Engaging users is important because:
- They know the place where they live best
Communities exist within a specific context and construct their daily lives accordingly, making them the experts of the built environment they inhabit and shape.
They hold unwritten stories
Local residents’ stories can offer valuable insights into a place’s history, and its social and physical transformations.
They have already developed ideas from which to learn
Communities will have developed specific skills to cope with the challenges presented by their context. Any project can learn from the coping mechanisms that are already present.
Perception of built spaces is subjective
Individuals experience space differently. There is no universal design idea that works for everyone. Many factors, such as culture or religion, contribute to spatial experience. For this reason, when designing built spaces, any spatial choice must be discussed with the final users.
When designing spaces with children, user engagement must also extend to children. Children experience space differently from adults, so design choices for children cannot be based only on input from adults. Children must be considered as agents and rights holders, as powerful co-creators of knowledge, and as experts on their own lives. Children’s participation provides researchers and practitioners with unique knowledge about children’s life experiences. Young children can also be engaged in participatory activities together with their caregivers.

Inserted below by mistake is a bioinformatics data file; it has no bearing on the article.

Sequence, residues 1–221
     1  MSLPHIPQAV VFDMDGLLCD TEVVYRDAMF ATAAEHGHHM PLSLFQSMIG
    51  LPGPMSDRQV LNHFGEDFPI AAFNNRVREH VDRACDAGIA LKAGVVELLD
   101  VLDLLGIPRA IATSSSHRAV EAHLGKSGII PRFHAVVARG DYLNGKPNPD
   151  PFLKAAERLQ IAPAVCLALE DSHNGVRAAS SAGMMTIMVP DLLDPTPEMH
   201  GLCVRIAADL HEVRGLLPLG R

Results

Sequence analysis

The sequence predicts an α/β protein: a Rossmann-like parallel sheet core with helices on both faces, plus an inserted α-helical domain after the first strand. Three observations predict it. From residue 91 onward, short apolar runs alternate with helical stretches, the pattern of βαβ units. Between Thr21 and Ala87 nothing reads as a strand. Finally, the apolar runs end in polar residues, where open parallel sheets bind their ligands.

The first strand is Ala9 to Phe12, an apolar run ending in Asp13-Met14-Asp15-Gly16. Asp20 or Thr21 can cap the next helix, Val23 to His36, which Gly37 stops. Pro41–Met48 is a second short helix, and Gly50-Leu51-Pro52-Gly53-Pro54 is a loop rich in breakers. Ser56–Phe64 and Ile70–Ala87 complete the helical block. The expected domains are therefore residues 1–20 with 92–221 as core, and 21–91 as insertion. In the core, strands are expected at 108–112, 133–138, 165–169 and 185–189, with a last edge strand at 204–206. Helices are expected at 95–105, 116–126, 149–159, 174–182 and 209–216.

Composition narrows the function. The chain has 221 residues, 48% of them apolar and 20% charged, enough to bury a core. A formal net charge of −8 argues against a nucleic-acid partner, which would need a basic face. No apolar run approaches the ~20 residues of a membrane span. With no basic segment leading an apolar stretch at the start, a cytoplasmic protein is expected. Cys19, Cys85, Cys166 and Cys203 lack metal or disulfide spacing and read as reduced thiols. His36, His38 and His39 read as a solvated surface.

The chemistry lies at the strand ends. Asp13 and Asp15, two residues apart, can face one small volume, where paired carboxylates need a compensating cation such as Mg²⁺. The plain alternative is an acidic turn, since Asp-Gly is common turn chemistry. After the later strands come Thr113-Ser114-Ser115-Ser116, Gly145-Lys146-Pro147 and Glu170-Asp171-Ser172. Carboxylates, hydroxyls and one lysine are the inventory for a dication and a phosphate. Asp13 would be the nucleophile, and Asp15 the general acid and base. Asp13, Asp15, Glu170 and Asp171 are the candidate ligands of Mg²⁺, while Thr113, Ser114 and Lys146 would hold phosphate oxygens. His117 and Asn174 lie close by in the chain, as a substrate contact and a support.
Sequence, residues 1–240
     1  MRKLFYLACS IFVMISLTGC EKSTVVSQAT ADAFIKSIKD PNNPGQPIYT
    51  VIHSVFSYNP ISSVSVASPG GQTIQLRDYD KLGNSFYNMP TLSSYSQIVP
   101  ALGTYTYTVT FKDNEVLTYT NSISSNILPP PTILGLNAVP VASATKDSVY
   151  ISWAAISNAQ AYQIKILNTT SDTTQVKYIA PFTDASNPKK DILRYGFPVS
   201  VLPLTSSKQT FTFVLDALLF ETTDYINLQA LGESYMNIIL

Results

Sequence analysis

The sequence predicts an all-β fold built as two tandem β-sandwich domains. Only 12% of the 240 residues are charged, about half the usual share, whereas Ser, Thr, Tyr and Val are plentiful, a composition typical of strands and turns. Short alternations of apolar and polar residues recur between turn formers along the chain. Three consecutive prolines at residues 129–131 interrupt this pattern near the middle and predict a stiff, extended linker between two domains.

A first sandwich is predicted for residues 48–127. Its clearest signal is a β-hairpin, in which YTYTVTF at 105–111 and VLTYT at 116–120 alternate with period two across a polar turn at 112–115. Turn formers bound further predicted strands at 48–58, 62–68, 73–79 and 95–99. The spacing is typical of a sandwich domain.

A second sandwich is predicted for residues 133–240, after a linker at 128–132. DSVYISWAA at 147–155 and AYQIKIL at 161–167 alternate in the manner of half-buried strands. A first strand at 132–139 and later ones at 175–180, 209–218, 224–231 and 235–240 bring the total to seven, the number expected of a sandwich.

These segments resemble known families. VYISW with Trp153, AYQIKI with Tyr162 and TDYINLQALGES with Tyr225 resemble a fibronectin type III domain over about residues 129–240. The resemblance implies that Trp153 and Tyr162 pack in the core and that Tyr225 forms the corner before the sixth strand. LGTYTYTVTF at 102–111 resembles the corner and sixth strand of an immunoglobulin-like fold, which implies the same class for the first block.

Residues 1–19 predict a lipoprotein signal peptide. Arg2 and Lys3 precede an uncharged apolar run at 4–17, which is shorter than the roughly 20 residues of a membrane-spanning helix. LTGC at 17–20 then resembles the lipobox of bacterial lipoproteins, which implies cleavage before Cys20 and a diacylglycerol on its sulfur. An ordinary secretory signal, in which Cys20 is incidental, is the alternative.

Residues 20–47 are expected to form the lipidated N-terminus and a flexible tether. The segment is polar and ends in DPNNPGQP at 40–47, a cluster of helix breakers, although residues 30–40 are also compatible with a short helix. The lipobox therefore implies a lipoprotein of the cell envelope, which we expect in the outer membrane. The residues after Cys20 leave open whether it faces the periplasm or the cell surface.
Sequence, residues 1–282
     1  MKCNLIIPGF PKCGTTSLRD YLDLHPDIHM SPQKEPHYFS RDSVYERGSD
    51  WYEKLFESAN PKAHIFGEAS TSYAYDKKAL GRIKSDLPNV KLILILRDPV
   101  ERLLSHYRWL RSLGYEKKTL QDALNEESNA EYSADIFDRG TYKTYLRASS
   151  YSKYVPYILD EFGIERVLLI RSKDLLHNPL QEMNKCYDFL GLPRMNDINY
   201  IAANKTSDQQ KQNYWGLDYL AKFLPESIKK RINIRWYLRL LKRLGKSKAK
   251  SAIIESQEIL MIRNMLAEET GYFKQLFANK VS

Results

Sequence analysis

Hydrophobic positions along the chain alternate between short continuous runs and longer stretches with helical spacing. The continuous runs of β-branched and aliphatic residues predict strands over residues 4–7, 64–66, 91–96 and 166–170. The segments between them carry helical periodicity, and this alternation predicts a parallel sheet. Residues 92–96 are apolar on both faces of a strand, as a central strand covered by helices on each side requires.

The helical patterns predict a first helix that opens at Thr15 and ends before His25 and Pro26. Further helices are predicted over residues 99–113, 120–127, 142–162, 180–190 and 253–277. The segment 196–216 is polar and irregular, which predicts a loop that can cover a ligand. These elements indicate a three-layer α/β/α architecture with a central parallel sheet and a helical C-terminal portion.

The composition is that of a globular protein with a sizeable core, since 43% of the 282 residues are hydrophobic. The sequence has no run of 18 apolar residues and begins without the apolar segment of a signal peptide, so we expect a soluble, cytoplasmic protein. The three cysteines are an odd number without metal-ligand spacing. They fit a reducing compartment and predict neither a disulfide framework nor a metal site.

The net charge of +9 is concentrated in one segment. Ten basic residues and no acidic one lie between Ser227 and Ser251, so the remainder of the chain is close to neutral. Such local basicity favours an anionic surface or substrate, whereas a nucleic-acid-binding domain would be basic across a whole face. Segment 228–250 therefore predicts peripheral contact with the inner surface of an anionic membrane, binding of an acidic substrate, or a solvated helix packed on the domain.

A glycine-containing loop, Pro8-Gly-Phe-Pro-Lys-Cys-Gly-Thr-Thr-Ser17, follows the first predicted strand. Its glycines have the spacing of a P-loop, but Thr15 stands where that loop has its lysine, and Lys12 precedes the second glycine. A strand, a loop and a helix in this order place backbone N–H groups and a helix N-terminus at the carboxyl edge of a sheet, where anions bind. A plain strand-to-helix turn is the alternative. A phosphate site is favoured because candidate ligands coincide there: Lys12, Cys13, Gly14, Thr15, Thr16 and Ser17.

Designers should try to apply their knowledge of spatial awareness by designing from children’s point of view. The Bernard van Leer Foundation advocates this approach in their ‘Urban95’ project. Caregivers can contribute to children’s input into the design process, as they play a major role in children’s lives.
Forming neighbourhood committees, if they do not exist already, helps facilitators include diverse parts of the community. The committees can
be formed of children, youths, and adults who volunteer some of their time for neighbourhood improvements. Committee members could include motivated members of local groups, representatives of the municipality, and other key stakeholders from different nationalities, genders, religious and educational backgrounds.
The following list presents some of the participatory tools that enable an understanding of users’ needs in relation to the built environment.